Why is Cloud Computing the Next Step for Industrial Automation
Over the past two decades, automation has improved the performance, quality and productivity of manufacturing and process systems. Traditionally, the manufacturing industry has been slow to embrace new technological platforms, but in recent years, the introduction and success of cloud computing have meant this technology is becoming vital for manufacturers.
One of the most notable changes in the industry over the past years has come from advancements in remote connectivity. Software architectures and tools created in previous decades no longer fit the new cloud infrastructure. For example, with plant production monitoring, the ability to share development of application software with a distributed team from many locations was previously possible only in very few systems. Now distributed access and versioning should be built-in, and as easy to setup as accessing remote email.
For demanding environments, such as the offshore oil and gas sector, remote access is particularly valuable. The industry handles large amounts of data, usually sourced from multiple teams in remote locations. Cloud computing enables the communication of complex data between these locations and back to the main office to be analyzed.
Furthermore, cloud computing allows manufacturers to manage their partners too. By working closely together and sharing business data with third party suppliers, logistics partners and other associates or manufacturers can form what is known as a “community cloud”. This advanced form of cloud computing allows businesses to gain insight to their entire supply chain and creates a secure platform for business partners to coordinate their activities.
How will the introduction of cloud computing impact the development process?
With cloud computing, the development process stays the same, but the architecture changes. With designers moving from creating separate products to providing essential services to the bigger system, there are several key considerations, including:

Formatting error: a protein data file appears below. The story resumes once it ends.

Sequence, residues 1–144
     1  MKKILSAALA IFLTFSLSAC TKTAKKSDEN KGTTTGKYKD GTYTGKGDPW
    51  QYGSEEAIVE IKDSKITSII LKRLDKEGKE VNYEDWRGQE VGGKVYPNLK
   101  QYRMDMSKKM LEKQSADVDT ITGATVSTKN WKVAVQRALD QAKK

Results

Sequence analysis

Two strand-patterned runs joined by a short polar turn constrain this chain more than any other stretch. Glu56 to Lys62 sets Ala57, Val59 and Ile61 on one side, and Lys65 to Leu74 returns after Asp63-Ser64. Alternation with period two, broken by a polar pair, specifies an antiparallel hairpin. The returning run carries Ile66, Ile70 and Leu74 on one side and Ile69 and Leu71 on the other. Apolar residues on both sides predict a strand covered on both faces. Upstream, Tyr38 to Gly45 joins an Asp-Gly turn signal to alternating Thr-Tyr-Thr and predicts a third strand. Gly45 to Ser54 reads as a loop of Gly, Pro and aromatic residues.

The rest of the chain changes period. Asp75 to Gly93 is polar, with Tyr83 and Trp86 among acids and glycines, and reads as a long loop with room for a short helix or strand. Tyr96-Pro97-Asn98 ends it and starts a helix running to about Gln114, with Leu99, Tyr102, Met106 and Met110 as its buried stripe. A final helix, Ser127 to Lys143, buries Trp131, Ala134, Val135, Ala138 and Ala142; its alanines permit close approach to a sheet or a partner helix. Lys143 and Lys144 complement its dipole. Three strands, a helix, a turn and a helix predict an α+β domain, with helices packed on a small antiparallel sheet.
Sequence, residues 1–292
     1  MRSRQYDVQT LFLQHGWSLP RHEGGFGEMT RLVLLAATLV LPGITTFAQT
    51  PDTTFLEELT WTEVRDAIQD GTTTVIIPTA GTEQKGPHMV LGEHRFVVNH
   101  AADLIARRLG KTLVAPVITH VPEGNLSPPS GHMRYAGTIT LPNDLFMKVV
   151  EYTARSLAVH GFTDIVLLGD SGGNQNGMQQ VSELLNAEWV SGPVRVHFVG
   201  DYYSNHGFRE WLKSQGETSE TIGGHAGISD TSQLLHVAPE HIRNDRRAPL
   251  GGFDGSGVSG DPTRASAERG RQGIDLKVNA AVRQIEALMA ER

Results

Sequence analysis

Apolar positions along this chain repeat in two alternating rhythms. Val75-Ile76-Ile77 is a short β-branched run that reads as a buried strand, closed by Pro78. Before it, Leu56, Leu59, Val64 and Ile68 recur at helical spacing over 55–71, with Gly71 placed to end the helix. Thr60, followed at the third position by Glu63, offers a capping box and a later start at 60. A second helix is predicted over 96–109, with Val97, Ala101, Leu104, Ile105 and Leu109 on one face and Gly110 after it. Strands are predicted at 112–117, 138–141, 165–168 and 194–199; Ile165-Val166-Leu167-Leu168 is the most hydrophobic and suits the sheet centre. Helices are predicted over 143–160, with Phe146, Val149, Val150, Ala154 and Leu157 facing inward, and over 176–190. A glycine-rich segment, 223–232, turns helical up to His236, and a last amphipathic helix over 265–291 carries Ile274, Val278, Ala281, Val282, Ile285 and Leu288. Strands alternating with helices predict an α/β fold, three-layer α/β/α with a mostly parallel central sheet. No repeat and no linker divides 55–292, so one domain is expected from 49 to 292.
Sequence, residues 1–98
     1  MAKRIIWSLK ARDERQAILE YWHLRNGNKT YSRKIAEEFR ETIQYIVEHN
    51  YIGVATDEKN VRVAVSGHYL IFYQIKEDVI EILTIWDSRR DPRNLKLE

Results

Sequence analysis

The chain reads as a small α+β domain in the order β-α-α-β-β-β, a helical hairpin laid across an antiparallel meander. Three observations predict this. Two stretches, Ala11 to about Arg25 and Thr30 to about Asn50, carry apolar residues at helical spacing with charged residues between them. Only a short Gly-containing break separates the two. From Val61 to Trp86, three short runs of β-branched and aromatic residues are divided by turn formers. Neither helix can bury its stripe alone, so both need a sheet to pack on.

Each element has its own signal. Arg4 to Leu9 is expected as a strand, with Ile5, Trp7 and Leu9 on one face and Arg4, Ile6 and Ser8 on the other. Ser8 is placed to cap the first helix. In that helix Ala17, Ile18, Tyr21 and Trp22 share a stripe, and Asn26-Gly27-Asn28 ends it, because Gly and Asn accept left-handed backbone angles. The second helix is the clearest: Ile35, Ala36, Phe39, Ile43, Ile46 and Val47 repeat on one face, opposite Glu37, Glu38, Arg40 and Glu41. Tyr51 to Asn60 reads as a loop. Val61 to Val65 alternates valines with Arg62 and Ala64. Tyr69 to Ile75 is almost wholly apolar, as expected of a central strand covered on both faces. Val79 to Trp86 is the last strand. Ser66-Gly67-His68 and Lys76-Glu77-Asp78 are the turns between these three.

- Data is no longer strictly local anymore, and the quality of this data will impact the whole process
- Data needs to be available beyond static tag mapping
- Data needs to be secure to avoid disruption through corruption
- Services need to scale from discrete devices to intelligent systems that allow workload consolidation
- Depending on the criticality of the process, safety impacted by security has to be a priority
At the same time, automation suppliers can simplify the integration of cloud services into their products and systems by:
- eliminating complex and proprietary architectures
- using open communication standards
- thinking regarding services and not separate products
- making sure that systems architecture properly scales into the cloud
Finally, we also have to consider the risks. Cyber security threats are not necessarily the work of malicious hackers, but can often be simple mistakes made by employees, such as connecting via unsecured networks, exposing the system to viruses or accidental breaches. Moving from the isolated embedded world and connecting into an enterprise or potentially the cloud is highly disruptive, and it can have a significant impact on businesses. All the rules change once this level of connectivity exists, but it also brings incredible opportunities for everyone.
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